My two-year-old daughter interrupts me from my keening at the computer to say, "Please read me a book." She has selected Rotten Island by William Steig. We have tried reading it before, but it was a little old for her and she lost interest. This time, she sits, riveted by all those colorful monsters.
I read one book and then another, and then, too distracted by politics, I turn on Hillary Clinton's concession speech. My daughter climbs up my back, curious. We watch very little television in our house. When Hillary gets to the part about daughters, my eyes fill with tears.
It hasn't been a good season for mothers of daughters—for Adventist mothers, for American mothers. Last night, the United States elected a man who bragged about sexually assaulting women. The nation was shocked for one news cycle and then shrugged. It felt, somehow, inevitable.
Trump began his campaign by promising to build a wall. He said that before you immigrate to America, you must pass a religious litmus test. He questioned the integrity of an American judge because of his Mexican heritage. Trump also, incidentally, questioned whether Seventh-day Adventists were really Christians—this was before Ben Carson dropped out of the race. Trump's version of America was racially divisive and hateful.
While Mr. Trump had no credentials beyond a flair for the dramatic, he was running against a woman with all the credentials. She was every girl who sat at the front of the class, did her homework, raised her hand, and then got called "bossy" or a "nerd." Secretary Clinton once said "Women's rights are human rights" and many of us realized that we had never really internalized that: We mattered.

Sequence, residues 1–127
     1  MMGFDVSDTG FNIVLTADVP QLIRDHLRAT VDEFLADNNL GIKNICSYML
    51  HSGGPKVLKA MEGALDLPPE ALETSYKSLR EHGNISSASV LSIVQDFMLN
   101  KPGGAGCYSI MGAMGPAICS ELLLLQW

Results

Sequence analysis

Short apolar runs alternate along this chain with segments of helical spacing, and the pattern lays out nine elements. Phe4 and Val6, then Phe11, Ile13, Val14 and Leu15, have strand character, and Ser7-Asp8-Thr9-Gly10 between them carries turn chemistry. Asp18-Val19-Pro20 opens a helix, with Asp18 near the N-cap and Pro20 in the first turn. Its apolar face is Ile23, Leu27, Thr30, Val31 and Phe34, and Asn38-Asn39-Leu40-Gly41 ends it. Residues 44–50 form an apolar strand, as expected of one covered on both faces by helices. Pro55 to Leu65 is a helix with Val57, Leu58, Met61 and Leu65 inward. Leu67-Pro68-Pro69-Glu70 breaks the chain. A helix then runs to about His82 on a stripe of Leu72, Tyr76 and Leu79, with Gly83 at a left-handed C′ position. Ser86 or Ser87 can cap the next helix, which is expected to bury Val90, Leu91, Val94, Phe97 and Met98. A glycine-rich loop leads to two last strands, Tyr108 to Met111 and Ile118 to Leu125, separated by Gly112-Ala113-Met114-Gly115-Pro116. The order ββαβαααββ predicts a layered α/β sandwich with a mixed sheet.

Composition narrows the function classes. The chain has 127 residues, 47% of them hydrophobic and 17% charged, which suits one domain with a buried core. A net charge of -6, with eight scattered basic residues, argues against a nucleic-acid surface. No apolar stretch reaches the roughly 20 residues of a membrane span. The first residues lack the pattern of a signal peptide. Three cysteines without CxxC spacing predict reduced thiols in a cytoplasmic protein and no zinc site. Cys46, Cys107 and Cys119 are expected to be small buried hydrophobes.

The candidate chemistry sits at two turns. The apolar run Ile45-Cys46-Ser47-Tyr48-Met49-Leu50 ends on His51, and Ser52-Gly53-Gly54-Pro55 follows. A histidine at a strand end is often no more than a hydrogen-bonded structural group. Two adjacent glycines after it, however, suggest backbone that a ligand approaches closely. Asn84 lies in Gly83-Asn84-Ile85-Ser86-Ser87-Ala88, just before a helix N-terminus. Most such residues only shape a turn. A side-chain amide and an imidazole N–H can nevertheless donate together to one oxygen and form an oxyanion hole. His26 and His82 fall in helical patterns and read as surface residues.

But did we? Do we? Do you see us?
Nearly everyone who spoke, spoke out against the document. They measured their words. They told jokes. But they affirmed the value of women. If you had only listened to the discussion, you would have thought the document would be defeated.
Of course, you are reading this and you know what happened. The document passed easily. Nearly everyone who voted was a man. They were voting for unity, but they were also signaling to Adventist girls that they mattered less than Adventist boys.
How do I raise my daughter in America? How do I raise her as an Adventist? These are real questions.
Back at my house, my daughter asks about monsters. I tell her they aren't real, but she persists. She wants to be a friendly monster. She chases me through the house. She is laughing and laughing. Then, I chase her.
I want to tell her the world is beautiful. I want to tell her that we will protect the planet. I want to tell her that her church believes that one day she could be either president of the United States or president of the General Conference.
Today, I can't tell her much of anything. So, I chase her. I tell her that she is silly. Then, I tell her that she is strong and smart. I tell her that I see her. Today, I see her.
Sari Fordham is Associate Professor of English at La Sierra University.
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